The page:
You can tell the economic story of New York’s Catskill Mountains region over the last century through the patch of land my maternal grandfather grew up on. Max and Minnie Lebowitz, my great-grandparents, who immigrated from Hungary, moved up to the country to escape the Lower East Side’s infamously crowded conditions and grind out a meager existence on a 62-acre farm. The sparsely populated village of Fallsburg, N.Y., where my grandfather was raised, was storybook-typical: a one-room schoolhouse that you had to walk miles in the snow to attend and a local sheriff who looked the other way as local preteens illegally drove cars to get to the faraway high school and drove tractors on their parents’ land.
Over time, the farm, which had begun taking in summertime boarders escaping New York City’s oppressive humidity, morphed into the Lebowitz Pine View, one of the hotel resorts of the famed “Borscht Belt”—so named for the density of observant Eastern European Jewish enclaves. Tennis courts and a swimming pool were constructed, my grandfather returned every summer to run the kitchen, and my mother and her cousins reminisce fondly about stirring up trouble there.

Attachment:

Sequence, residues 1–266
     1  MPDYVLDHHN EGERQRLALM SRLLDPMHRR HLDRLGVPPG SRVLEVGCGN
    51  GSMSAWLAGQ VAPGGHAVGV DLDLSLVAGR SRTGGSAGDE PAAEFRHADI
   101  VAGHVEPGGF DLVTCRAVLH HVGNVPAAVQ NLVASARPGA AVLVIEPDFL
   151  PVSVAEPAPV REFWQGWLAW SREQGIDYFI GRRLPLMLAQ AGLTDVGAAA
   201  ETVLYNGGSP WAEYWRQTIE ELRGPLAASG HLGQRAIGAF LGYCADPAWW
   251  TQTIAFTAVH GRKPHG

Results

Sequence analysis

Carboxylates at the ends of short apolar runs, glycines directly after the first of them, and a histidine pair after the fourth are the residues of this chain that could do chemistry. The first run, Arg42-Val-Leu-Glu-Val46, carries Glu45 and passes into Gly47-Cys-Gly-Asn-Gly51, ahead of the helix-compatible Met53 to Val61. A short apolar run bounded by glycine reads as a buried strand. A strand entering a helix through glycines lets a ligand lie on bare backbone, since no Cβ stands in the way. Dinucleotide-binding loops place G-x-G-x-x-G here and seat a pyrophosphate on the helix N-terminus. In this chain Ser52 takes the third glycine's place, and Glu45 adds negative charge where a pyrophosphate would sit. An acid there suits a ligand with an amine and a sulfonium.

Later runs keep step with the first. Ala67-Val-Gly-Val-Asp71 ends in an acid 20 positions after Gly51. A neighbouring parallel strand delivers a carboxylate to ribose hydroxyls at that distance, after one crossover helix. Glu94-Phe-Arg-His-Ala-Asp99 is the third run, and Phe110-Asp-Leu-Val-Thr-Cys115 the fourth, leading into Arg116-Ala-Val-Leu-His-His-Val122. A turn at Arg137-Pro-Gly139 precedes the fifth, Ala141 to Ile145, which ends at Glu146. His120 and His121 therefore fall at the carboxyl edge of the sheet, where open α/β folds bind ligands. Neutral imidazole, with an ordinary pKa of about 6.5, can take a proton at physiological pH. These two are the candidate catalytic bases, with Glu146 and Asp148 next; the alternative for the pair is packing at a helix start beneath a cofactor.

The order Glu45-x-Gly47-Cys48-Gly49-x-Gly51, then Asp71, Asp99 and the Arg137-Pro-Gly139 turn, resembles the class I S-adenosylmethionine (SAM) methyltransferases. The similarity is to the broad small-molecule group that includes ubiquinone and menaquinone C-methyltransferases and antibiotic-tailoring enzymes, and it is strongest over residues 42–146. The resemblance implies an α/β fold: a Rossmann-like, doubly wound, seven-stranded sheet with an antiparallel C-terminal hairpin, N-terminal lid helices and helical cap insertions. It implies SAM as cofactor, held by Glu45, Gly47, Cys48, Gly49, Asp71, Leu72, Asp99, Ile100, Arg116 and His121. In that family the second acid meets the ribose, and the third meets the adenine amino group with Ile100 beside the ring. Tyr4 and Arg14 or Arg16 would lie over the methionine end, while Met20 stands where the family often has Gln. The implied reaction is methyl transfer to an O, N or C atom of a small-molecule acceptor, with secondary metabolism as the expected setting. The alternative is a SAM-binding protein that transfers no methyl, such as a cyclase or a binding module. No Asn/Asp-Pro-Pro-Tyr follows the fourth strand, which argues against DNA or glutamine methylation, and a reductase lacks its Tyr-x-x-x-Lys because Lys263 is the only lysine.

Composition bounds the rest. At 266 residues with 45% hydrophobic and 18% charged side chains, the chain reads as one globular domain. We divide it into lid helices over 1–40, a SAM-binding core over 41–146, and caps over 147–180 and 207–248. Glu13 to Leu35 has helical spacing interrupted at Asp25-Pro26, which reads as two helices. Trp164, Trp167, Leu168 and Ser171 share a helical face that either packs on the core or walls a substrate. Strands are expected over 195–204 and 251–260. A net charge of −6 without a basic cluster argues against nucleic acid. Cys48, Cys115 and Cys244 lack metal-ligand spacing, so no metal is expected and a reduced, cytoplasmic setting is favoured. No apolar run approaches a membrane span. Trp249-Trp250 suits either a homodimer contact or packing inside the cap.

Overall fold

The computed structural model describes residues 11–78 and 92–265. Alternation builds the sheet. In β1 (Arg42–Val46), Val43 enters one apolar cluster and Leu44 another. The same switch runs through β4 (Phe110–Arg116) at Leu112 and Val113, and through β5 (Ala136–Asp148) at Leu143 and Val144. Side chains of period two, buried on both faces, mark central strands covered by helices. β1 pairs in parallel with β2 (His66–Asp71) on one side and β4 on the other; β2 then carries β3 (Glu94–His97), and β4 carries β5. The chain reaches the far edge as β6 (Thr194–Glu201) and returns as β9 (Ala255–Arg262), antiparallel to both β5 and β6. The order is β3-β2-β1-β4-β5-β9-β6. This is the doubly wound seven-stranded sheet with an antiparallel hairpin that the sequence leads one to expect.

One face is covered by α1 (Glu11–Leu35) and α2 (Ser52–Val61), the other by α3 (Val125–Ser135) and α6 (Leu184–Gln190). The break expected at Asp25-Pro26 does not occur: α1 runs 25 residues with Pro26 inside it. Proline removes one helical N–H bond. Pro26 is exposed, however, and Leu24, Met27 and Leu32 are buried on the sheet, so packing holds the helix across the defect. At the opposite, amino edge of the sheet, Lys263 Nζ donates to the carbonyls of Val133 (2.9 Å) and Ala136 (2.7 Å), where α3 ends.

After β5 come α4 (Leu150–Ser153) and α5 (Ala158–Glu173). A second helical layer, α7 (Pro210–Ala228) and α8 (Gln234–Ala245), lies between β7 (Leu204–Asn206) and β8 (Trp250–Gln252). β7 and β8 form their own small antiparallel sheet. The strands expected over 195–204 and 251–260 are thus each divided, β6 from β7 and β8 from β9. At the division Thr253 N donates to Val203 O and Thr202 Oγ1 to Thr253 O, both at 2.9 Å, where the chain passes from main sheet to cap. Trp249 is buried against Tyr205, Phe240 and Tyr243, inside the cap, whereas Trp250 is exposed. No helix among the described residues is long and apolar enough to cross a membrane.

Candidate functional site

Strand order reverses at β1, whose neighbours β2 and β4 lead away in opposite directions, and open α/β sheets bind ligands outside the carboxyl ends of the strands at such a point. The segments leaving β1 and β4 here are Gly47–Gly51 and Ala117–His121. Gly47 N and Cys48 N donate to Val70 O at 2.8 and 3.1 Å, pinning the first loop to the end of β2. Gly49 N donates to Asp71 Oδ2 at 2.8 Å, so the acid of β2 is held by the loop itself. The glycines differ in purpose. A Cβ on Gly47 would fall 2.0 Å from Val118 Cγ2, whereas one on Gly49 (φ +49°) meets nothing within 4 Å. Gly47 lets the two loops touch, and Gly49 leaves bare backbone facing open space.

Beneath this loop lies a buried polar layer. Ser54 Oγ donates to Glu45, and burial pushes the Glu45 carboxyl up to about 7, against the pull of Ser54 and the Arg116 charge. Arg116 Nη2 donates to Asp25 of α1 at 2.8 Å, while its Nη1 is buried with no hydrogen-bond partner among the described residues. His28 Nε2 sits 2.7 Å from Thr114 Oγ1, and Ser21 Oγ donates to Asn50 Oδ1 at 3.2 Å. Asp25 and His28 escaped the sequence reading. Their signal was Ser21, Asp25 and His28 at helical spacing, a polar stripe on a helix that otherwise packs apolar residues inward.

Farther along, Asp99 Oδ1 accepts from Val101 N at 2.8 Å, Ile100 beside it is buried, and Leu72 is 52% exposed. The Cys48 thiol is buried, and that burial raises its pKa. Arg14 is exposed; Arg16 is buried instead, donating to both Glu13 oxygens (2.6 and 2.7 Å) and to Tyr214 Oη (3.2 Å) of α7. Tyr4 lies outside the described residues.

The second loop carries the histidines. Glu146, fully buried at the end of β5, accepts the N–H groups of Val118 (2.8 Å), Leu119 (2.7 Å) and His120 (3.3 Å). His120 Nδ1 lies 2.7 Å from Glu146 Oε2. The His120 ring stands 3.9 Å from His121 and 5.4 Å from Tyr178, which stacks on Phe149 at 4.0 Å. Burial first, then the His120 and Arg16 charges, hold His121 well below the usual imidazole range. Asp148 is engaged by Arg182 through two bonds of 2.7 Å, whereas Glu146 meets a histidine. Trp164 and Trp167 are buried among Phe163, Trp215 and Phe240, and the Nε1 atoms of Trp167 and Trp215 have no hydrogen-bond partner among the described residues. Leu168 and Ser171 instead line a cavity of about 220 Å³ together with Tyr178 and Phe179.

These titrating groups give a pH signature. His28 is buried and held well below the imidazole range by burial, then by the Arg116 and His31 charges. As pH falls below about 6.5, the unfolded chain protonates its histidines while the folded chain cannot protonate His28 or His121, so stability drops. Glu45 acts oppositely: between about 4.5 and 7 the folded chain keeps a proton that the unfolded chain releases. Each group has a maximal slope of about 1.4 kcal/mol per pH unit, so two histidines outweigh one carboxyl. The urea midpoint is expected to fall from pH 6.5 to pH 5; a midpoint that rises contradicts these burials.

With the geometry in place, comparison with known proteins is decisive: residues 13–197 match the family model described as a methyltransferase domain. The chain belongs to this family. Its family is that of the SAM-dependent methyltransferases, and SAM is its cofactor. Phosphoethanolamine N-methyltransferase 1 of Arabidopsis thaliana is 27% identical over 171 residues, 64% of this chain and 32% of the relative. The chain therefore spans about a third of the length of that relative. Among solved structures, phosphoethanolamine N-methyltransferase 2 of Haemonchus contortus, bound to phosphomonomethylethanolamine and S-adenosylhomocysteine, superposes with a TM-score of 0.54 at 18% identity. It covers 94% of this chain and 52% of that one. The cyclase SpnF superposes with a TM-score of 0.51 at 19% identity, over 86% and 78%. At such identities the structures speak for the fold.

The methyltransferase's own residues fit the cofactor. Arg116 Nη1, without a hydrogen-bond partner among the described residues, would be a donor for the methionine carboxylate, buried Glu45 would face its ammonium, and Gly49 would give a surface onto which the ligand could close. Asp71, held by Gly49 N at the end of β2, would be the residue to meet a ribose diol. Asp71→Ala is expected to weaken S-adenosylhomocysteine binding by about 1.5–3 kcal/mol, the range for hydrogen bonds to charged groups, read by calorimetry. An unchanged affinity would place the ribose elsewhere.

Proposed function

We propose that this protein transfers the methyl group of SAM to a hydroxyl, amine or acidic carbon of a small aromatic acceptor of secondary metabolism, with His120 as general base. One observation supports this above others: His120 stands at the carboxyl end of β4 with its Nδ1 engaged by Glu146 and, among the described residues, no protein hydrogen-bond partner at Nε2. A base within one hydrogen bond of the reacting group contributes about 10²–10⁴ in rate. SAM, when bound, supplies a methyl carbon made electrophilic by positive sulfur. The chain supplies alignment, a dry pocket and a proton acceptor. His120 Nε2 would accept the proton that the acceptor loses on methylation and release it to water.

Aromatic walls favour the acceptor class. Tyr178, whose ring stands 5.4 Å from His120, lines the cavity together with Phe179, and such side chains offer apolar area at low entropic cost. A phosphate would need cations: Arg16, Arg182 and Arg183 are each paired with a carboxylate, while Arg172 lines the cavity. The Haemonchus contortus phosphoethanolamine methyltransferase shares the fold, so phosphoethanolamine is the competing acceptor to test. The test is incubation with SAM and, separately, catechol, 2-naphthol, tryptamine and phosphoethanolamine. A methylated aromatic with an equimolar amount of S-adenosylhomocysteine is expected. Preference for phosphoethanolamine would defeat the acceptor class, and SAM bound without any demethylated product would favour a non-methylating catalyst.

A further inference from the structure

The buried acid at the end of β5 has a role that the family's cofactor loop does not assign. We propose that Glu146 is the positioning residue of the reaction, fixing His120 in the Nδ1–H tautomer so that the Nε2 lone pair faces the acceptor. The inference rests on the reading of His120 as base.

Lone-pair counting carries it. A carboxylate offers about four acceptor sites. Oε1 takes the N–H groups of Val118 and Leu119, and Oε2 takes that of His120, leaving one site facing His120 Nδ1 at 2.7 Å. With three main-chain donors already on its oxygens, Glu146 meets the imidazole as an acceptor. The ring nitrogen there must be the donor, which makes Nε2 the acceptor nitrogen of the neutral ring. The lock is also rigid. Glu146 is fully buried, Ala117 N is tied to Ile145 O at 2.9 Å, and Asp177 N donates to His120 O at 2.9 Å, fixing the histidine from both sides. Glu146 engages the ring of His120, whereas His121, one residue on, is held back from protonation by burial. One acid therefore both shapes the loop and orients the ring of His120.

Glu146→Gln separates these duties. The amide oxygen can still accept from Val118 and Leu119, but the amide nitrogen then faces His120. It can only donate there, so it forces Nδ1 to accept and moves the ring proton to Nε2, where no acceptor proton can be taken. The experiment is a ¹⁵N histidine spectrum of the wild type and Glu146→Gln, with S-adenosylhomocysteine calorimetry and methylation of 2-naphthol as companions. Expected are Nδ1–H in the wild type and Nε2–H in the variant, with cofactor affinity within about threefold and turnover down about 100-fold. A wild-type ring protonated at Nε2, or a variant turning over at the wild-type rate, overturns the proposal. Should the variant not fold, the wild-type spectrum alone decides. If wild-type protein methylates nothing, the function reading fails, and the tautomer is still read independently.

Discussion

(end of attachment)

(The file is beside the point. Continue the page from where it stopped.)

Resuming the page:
But by the 1970s the resorts were falling on hard times. Cheap travel opened up more exotic destinations, air conditioning allowed people to stay in the city, and women entering the workplace shortened summer vacations. Upstate New York was left with dim economic prospects, except for one thing: prisons. As urban crime escalated, politicians and judges responded with longer prison sentences, and New York City was generating more prisoners every year but had no space to house them. New York state’s prison population has spiraled upwards from less than 13,000 in 1970 to more than 70,000 today. So in 1983, the state took over my family’s property and shuttered the resort to build access roads to Sullivan Correctional Facility, a maximum-security addition to neighboring Woodbourne Correctional."
From Ben Adler’s really nice story of the evolution of his family farm into a state prison. (via newsweek)
Hey Newsweek- I can relate to this one. My family used to own a different hotel & resort in the Catskills in the middle of the last century. Apparently it was quite the place to be if you were a middle-class Jewish family back then. Now, it survives as a number of rotting, decrepit buildings and Grossinger’s Golf Course.